The Ecomodern Economy
Ecomodernism envisions a dematerializing economy that makes fewer demands upon natural resources and ecosystems. Promising trends suggest such a future might be possible. Population growth is slowing and is flat or even falling in many parts of the world. Material consumption for many goods and services is saturating in developed economies. Rising resource productivity has enabled us to produce greater material output with less material input. But what are the consequences of these developments for the economy? Slowing population growth and saturating demand for goods and services has brought slower economic growth. Rising resource productivity has been closely coupled with rising labor productivity. The dark side of slowing economic growth, demand saturation, and rising resource and labor productivity could be secular stagnation, the jobless recovery, and rising inequality. What will be necessary to assure that a resource-efficient, decoupled global economy will be a prosperous or equitable one? Could nature-liberating technological change be as great a threat to shared economic prosperity as efforts to restrict economic activity in the name of the environment?
Erik Brynjolfsson, co-author, The Second Machine Age
Andrew McAfee, co-author, The Second Machine Age
Dario Gil, vice president of science and solutions, IBM
Moderator: Eduardo Porter, columnist, The New York Times
The last decade has seen growing attention to the sustainability of food systems, with much of the discussion led by prominent chefs, food critics, and journalists. The basic argument has been that food that is organic, local, grass-fed, and wild is more sustainable than that produced through the large-scale, industrial systems that dominate food production today. However, in recent years a number of careful studies have begun to suggest that the sustainable choice might not be so obvious. Humans use roughly 40% of the ice-free land on the planet to grow food and raise livestock, comprising the vast majority of our direct land footprint, and the expansion of cropland and pasture is the biggest driver of biodiversity loss. In this panel, we take a hard look at what kind of farming systems might practically bring the best outcomes for both people and the environment. Do the largely arbitrary definitions of “organic” and “conventional” serve us? How might we apply the best attributes of industrial and organic production systems in order to produce more and healthier food with lower attendant impacts on the environment?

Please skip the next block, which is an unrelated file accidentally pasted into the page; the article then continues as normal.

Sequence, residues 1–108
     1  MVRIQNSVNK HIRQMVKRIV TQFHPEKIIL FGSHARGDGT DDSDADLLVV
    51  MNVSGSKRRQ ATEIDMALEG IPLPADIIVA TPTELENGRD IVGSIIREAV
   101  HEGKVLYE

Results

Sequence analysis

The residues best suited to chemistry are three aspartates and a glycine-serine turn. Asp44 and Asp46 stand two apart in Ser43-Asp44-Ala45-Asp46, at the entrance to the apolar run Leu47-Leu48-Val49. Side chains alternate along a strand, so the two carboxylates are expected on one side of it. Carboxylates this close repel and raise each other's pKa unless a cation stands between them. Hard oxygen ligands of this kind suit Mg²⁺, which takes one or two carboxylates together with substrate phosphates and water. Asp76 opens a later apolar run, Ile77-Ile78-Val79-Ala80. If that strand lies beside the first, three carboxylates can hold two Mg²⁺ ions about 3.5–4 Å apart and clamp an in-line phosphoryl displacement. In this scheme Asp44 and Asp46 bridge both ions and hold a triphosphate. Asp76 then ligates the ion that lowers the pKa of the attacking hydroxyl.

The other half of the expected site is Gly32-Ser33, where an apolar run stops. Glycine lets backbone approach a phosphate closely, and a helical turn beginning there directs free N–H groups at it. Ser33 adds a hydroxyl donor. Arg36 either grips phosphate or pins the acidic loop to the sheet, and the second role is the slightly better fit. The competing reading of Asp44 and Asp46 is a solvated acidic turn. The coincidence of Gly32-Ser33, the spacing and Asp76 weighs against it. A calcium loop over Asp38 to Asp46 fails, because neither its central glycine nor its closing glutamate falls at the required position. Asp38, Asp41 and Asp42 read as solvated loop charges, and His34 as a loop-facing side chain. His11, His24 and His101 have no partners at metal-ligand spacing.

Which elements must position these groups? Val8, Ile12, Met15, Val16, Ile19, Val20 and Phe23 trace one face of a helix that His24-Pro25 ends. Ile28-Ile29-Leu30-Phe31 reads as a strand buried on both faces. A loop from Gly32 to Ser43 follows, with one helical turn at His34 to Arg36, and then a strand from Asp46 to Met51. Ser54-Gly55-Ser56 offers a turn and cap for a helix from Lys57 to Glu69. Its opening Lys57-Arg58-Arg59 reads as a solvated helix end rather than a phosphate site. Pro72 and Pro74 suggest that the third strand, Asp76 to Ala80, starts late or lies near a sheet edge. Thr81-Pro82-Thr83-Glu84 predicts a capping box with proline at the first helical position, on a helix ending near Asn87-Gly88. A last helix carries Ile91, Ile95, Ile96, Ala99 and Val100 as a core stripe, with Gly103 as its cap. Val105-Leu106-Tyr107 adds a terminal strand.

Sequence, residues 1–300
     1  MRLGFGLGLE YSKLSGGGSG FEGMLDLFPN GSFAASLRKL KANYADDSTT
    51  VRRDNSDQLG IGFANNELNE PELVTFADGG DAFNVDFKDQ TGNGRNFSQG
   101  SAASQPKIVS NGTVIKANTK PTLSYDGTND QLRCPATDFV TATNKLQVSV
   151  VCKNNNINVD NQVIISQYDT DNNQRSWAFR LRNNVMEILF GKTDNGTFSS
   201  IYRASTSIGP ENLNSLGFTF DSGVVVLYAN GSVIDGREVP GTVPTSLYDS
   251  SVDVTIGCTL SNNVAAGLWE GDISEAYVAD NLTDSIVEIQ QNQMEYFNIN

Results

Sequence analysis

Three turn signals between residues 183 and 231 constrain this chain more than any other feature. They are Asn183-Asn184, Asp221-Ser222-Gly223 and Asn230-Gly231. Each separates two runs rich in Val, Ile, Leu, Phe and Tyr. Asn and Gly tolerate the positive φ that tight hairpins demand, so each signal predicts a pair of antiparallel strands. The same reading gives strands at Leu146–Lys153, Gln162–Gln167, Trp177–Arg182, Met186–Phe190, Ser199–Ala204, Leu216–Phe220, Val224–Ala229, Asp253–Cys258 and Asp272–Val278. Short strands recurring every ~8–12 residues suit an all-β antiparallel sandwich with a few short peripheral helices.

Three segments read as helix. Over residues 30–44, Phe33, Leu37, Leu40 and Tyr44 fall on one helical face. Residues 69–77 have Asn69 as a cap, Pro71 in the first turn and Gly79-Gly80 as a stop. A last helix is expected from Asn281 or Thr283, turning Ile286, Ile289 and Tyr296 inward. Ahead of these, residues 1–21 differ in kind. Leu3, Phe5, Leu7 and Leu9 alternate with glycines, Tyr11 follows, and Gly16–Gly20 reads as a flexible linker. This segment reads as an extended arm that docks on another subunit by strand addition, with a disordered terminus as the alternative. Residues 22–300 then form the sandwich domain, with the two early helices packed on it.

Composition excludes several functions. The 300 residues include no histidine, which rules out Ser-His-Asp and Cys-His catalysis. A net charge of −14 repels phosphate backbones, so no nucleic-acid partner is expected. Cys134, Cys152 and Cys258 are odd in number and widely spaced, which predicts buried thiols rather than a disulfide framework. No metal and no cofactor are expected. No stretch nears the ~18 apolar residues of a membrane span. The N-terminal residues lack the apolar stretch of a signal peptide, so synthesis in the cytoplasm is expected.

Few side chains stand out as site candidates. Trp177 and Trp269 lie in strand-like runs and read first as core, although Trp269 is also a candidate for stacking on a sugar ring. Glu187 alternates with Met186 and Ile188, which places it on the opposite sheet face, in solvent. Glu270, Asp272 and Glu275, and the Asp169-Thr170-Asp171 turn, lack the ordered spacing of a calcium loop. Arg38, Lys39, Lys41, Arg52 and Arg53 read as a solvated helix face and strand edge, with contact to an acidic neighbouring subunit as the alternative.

Jayson Lusk, Regents Professor and Willard Sparks Endowed Chair, Oklahoma State University
Danielle Nierenberg, president, Food Tank
Pedro Sanchez, professor, Institute for Sustainable Food Systems at the University of Florida
Moderator: Tamar Haspel, journalist, The Washington Post
Democracy and Conservation
The historic legacy of conservation has often been characterized by the displacement of people, truncation of rights, and blaming of victims. The litany of confusions and tragedies that have arisen from well-intentioned conservation efforts is long and ongoing. What would a progressive pro-people conservation look like? How might win-win conservation strategies facilitate the movement of people out of conservation zones while assuring them better land, water, and living conditions, and accelerate land-sparing modernization and access to markets and infrastructure?